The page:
Of course our pal 2Gaffs would have called him stupid for having sold in 01/06 when the share price continued to grow until 06/07, but in the end he was right. This simple concept is something that some perma-bulls never get.

By several accounts this years annual Anglo Irish christmas parties will be interesting. In the past it has been a real get together of the Developer class. They hold one in Galway and from what I’m hearing it will be different this year as quite a few of the favoured one’s are under a bit of pressure. Discussions should centre around who has been put on interest only for the purpose of riding out the downturn.

Irish Banks have been hammered (again) this morning. BOI results were good but guidence has declined. CEO pointed to ongoing credit crunch. Central Bank made happy noises, but the big investors know how to red betweent he lines.

Anglo Irish down 4.7%. … z=m&q=l&c=

The market says it all.

Irish banking system robust - Hurley

Hurley says a soft landing is in sight, but just be wary of…

…and …

…oh, and what about…

… did I forget t mention…

… but hark! is that an investor-led recovery we see…

…nope, didn’t think so…

But not to worry, the bank are only “concerned”…

Oh well that’s alright then.

“Concern” is John Hurley’s get out of jail free card, he simply threw his hands up in the air and said feck it, if people want to make mistakes so be it. Any inquiries in the future after the Irish banking system collapses will show he issued lots or warnings (expressed his concern), but actually did nothing to stop the train wreck. He could have, but that would require making ‘courageous’ decisions.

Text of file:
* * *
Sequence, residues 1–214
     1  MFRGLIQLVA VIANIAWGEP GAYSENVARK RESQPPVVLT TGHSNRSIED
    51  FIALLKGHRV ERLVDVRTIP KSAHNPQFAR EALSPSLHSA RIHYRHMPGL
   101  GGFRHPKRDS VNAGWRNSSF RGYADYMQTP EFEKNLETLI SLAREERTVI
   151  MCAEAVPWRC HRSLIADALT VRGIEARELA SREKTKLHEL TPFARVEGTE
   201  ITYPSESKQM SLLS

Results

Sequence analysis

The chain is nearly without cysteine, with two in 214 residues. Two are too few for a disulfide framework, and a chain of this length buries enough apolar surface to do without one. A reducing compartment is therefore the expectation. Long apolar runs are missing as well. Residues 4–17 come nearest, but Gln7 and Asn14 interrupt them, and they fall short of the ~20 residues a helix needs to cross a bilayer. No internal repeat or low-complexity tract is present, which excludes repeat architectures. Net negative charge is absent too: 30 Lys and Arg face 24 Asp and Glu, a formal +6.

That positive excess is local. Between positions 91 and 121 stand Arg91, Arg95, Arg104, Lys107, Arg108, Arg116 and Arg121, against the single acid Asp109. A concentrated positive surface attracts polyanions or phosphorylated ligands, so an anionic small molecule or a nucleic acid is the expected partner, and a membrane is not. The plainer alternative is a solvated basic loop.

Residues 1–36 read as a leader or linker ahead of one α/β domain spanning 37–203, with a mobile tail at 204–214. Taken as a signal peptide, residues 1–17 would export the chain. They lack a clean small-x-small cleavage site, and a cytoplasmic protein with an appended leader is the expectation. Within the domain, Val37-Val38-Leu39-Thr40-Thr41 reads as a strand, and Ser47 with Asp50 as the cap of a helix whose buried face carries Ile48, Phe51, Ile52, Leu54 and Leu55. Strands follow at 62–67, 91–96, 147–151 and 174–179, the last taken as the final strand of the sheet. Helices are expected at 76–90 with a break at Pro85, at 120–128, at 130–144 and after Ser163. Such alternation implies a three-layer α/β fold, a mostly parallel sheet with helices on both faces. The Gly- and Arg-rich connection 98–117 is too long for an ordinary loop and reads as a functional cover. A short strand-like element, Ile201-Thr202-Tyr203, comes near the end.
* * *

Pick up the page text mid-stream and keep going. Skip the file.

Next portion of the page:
The central bank is the original bottle of watered down piss pretending to be a regulator :frowning: Completely useless and asleep at the wheel.

Its the Empties Hurley ya Stoopid !

Just how effective is the Central Bank at regulating the banks??
Well as late as November 2006 there was talk about setting money aside…

**Green Bear wrote:

Been busy doing just that all week :wink:
Even have some of it under the pillow at this stage :wink:

What are you suggesting people do to insulate themselves?

Me personally, I’m using layers of IIB stock certificates & the box my 50" LCD TV came in…

Sorry couldn’t resist :smiley:

I’m not going to tell people how they should invest their money, and the course I have personally taken may not be the correct one for everyone and involves other risks, also as I have said previously my expertise is not in investments.
What I do say is do your own research and inform yourselves about what exactly are the risks of keeping your entire life savings in one bank, be that from loss of value due to inflation or the possibility that a bank can collapse and leave you with only €20,000 and a higher tax burden to show for it.

Learn from the Argentine experience. The poor people and middle classes got robbed and it happened suddenly, just like the crisis will here when it happens.

The ‘smart money’ is speaking loud and clear and dumping Irish bank stocks, they know there are better opportunities elsewhere. Sure everything looks OK now, they said the same thing about the ‘soft landing’ for the Irish housing market even as recently as a month ago, and we’re seeing in the last two months that pretense has mostly been dropped.